Li Hongbo, Standard Space (detail), installation view. Courtesy of Eli Klein Gallery
Li Hongbo, Stage (detail), 2016-202, installation view. Courtesy of Eli Klein Gallery
If Standard Space outlines a static picture that is indifferent and grainy, then the second part of the exhibition behind, Stage (2020) and Seasons of Flower – Rose (2021), is a dynamic figurative picture that is full of delicate and smooth texture. The Stage series is a collection of 4 sculptures, each approximately 3 meters high, standing at the four corners of the gallery. Gazing along with the thick to thin iron poles upwards, viewers can expect a graceful ballet dancer on top of the spire of each pole; they are illuminated by the spotlights as if they were the main characters at the center of the Stage. As far as the eyes can see, the appearance of the dancers is blurred, and their postures become the only feature that identifies them. Unlike the wide stage on which real dancers perform, the Stages created by Li Hongbo are merely a single touchpoint, connected to the dancers’ toes or fingertips. But these point-sized stages also work like critical points, referring to the metaphorical meaning of “balance”. It is both the technical embodiment of Li Hongbo’s balancing of weight, and the fact that he conveys through his sculptures, that is, altruism and self-interest in human nature are always swinging between turbulence and balance, which is what Wilson summarized as "the balance between group selection and the level of individuals''. It is just like the gymnasts in the Olympic Games who constantly break through and balance themselves in individual and collective environments.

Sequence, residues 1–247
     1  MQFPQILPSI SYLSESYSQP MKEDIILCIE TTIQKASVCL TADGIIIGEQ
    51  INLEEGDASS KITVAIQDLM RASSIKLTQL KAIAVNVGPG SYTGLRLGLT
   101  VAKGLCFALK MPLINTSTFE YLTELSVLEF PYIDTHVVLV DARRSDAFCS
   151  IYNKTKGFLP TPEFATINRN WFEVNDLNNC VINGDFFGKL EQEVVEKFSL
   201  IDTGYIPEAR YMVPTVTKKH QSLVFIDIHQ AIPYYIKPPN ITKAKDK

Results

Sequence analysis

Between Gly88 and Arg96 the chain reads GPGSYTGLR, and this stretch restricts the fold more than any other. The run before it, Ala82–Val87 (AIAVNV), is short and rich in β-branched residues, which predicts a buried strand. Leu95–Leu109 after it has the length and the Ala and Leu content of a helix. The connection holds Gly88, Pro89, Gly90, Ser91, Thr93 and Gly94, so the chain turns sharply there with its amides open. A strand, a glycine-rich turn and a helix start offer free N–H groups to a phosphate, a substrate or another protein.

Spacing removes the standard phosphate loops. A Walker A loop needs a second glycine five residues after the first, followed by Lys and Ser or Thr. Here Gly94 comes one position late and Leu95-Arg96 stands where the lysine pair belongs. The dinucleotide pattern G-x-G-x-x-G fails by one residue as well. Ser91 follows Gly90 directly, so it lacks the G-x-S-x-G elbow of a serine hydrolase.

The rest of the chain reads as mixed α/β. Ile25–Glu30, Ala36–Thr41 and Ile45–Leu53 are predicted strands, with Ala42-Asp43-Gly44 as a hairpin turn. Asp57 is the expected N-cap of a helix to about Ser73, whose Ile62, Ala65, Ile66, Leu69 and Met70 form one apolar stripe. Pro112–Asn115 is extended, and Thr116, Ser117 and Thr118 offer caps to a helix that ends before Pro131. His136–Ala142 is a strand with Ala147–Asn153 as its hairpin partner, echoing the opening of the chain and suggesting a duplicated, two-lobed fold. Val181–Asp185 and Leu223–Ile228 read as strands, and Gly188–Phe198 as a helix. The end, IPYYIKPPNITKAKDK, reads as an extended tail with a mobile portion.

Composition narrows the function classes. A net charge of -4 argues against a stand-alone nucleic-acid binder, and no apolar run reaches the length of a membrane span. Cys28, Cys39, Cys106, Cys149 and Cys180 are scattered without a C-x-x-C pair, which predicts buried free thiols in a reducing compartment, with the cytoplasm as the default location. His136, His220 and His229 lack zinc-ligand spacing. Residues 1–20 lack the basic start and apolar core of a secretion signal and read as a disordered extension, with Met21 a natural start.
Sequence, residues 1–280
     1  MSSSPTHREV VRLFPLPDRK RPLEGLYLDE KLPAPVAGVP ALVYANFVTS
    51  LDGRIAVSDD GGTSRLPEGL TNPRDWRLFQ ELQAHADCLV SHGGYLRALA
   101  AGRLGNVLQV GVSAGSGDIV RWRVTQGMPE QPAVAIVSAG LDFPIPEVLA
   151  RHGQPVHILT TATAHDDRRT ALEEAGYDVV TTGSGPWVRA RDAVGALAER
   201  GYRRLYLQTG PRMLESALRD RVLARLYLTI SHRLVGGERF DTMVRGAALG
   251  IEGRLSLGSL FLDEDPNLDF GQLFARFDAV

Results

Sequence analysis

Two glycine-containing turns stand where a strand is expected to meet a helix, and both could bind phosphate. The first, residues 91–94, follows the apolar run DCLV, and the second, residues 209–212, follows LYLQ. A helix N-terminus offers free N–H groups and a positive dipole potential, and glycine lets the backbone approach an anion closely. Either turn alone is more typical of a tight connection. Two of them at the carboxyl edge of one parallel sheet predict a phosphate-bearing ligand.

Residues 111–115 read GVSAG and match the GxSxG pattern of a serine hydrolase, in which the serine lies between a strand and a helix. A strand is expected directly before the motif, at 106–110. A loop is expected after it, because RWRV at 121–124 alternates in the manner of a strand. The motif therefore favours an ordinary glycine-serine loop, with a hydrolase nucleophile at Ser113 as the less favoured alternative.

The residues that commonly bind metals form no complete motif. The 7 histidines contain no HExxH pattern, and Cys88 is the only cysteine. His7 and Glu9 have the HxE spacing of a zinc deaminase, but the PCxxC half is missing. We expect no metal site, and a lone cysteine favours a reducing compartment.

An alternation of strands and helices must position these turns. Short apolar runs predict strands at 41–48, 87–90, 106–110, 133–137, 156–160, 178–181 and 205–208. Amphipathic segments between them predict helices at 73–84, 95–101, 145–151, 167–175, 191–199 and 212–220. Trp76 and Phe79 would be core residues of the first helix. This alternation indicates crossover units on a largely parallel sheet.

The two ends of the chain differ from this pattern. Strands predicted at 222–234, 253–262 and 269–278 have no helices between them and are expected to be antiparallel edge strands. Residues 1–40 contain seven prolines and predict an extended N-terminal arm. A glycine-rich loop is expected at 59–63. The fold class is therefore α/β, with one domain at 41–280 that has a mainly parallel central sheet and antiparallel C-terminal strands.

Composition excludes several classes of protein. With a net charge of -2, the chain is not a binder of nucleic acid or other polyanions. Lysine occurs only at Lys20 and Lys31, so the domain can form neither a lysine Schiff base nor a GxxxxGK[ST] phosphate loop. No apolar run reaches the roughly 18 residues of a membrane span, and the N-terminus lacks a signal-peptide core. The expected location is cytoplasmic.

Li Hongbo, Seasons of Flower – Rose (detail), installation view, courtesy of Eli Klein Gallery
Li Hongbo: Empathizing, installation view. Courtesy of Eli Klein Gallery
Seasons of Flower – Rose, a graceful female sculpture made of smooth specular material, is placed in the center among other Stage series sculptures, facing the entrance of the gallery. The figure stands on a metal base, with roses in full bloom attached to her body. Rose symbolizes an aggressive and aesthetic, which has the natural charm of being watched and loved. Under Li Hongbo’s interpretation, the roses produced under unified industrial standards reflect a social landscape –the perfect image sought by the younger generation in the face of converging aesthetics and the harsh normativity of being in the midst of rapid social change. As Dr. Maizels mentioned in his catalog essay, Li Hongbo is committed to defining a “metal mindset” that merges the polished speculative surface with the rigorous standards of the production line. However, compared with the previous two series, the smooth and translucent Seasons of Flower sculpture reveals a unique mechanical aesthetics, and the blooming roses add a sense of futuristic science fiction along with the extension of the body. It is feeling and embracing the surroundings with a more comforting and welcoming posture, like a dragonfly darting into the advanced technology era we live in with a light gait. By presenting it at the end of the show, the artist provides a positive inspiration as well as a far-reaching vision of new social relations in the future.
By Hu Lingyuan
English proofreading: Eli Klein Gallery